Thankfully, not all of the moral lessons are negative, even for Edmund! His sincere change of heart and his apology to Lucy and his siblings show the power of confession, repentance, and forgiveness. And Aslan�s death is a powerful illustration of the spiritual concepts of sacrifice and redemption.

    Is My Child Ready for Narnia?

    I�m concerned about frightening and violent elements in the Chronicles. How can I know if my child is mature enough to enter Narnia?

    The answer depends if you�re thinking book or movie. When we read the books, the author�s voice and presence are always present to comfort and counsel. When we�re curled up on the couch together to read Narnia, our kids can enjoy the steadying context of parent and family. A movie is different: no comforting narrators, for one thing, and characterization and violence will tend to be more graphic. Having said that, Disney is obviously targeting the same family demographic they have for decades.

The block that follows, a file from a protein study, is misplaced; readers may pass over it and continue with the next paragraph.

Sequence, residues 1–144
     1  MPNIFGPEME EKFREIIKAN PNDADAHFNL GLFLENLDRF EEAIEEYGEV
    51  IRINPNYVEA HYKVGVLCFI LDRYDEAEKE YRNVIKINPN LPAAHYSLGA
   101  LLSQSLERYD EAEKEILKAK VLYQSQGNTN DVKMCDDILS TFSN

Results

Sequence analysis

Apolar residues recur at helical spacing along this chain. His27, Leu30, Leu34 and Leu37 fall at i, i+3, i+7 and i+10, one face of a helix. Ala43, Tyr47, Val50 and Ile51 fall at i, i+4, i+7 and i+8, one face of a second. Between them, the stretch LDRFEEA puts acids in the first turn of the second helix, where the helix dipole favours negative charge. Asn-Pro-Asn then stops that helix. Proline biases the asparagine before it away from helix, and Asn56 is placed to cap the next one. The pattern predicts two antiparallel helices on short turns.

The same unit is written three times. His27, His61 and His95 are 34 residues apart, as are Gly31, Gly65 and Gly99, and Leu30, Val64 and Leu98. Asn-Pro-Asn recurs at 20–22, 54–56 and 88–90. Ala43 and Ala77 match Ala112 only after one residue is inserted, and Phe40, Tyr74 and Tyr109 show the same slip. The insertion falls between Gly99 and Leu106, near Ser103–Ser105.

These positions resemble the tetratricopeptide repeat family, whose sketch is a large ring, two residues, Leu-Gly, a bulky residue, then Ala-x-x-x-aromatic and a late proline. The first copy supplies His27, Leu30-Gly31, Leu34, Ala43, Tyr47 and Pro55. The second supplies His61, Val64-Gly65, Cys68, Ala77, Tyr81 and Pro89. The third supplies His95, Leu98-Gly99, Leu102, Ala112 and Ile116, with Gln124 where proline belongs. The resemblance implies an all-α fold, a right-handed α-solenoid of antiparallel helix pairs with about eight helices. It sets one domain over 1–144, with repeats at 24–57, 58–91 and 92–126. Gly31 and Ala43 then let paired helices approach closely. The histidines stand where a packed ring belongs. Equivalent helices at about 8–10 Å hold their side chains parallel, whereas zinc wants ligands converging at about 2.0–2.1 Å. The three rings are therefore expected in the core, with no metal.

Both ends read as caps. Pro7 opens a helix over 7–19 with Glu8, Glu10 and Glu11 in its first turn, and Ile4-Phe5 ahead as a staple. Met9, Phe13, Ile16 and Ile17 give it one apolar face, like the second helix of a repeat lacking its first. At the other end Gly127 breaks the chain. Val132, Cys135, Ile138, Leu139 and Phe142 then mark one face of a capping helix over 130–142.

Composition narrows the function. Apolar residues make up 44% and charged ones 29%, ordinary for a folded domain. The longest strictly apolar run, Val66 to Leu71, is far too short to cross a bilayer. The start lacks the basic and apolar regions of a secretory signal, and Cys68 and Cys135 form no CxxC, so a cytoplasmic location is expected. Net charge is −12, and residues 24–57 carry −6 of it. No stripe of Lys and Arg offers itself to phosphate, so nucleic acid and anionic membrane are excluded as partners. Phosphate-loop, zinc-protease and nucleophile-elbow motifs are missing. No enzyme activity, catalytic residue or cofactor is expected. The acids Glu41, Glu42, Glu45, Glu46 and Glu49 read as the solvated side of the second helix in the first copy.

If you�re unsure about your child�s readiness, ask yourself some key questions that other parents have found helpful:

    1. Can my child separate reality from fantasy? In other words, is he or she old enough to realize for certain that the White Witch won�t be visiting your house tonight? If not, then they�re not ready to climb through that wardrobe.

    2. Does my child already have a tendency toward fear, bad dreams, or being haunted by boogeymen? If so, wait longer than you might otherwise.